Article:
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Re: Then why...?

Blake Meike writes:
>I'm not sure that I understand why several of you want to move to 2.0, but
>not to CLOS.  Perhaps you could be clearer about what it is that you *do*
>want and expect to find in 2.0?  If what you've got works (as we find
>version 1.3.2 does) why not stick with it?
The answer to this is pretty simple. Who wants to become dated? That's
eventually a recipe for doom, in that at SOME point the older LISPs
will likely become incompatible with future operating systems (who
knows, maybe even with 7.0).  Various other minor difficulties 
will also accumulate. For instance, I've just heard that future
"traps.lisp" file will be generated in a different manner than the
way they are now. Hence if I don't update I won't have easy access to 
future traps call. And what about future public code that comes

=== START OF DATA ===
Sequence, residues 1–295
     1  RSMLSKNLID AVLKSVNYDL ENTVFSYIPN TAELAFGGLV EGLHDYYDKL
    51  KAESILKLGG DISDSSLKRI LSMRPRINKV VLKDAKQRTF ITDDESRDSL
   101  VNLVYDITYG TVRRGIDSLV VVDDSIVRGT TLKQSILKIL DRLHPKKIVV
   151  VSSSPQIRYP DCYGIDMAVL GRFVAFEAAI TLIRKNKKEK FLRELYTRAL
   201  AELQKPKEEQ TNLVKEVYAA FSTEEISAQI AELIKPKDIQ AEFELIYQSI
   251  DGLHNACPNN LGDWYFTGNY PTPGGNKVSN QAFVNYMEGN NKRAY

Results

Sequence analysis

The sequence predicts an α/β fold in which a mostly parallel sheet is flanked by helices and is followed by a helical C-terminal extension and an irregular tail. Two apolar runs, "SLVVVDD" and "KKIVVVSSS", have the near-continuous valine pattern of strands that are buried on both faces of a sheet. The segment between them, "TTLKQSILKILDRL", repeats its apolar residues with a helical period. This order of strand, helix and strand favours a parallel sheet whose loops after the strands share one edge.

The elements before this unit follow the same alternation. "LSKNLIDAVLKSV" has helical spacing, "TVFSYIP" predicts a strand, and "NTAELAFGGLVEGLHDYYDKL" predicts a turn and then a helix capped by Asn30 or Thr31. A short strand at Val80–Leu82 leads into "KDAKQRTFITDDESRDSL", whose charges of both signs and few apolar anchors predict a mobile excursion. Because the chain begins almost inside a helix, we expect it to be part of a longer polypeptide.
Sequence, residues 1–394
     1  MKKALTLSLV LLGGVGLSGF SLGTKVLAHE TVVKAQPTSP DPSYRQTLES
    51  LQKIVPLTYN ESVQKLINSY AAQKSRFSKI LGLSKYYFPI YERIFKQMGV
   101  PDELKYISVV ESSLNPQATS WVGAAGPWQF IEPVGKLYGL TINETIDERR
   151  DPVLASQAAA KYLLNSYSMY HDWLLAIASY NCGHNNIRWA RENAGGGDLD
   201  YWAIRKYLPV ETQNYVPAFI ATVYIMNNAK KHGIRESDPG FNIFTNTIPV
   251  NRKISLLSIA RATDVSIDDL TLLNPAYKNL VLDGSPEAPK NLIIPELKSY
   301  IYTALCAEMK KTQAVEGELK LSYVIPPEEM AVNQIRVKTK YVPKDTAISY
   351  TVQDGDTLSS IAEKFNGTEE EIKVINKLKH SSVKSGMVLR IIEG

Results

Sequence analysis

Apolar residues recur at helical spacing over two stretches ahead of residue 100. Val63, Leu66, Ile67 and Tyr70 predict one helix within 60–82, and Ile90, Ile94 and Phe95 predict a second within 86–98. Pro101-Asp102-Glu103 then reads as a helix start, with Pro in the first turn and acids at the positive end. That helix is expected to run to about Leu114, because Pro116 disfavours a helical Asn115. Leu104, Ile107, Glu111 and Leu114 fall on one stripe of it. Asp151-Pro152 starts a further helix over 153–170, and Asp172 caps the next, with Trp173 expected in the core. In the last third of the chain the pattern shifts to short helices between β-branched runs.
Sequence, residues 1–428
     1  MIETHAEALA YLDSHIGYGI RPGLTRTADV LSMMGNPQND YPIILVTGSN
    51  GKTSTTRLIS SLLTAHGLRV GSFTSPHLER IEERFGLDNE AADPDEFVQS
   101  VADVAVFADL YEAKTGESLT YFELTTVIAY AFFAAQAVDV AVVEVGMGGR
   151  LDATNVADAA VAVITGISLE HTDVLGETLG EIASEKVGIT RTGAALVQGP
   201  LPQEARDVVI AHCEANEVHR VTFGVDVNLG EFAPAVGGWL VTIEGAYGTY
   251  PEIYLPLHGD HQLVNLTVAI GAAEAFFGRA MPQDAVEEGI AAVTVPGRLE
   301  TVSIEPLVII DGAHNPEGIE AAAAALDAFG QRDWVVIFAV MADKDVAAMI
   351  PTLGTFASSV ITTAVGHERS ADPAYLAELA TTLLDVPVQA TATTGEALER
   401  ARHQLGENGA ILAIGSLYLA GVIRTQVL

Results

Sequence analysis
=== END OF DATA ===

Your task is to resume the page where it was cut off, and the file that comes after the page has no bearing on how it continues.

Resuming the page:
out (which people have been very generous with). I'd like to be
able to use such code rather than building everything from scratch
in an outdated form.
   I also suspect all of us would like to keep pace with public
practice in terms of coding standards (e.g., CLOS).. I certainly would
like to do that. But I just can't at this point if means I recode
by hand all my old object lisp code. Also, I would like to use
CLOS it's a good system, but I wouldn't like to rework all my
old code by hand.
  Finally, if you work in a large research environment, as I do, you
will start running into compatibility problems with your fellow 
workers. For instance, where I work we all have to put our programs
on a  single demo machine, All lisp programs are supposed to run off
the same lisp...
  And last but not least, who wants to be sitting around with 
some old model software when they could have the latest and greatest???
  It's worth pointing out  that Apple would presumably like to see us WANT
purchase 2.0 for financial reasons, rather than start hanging on to older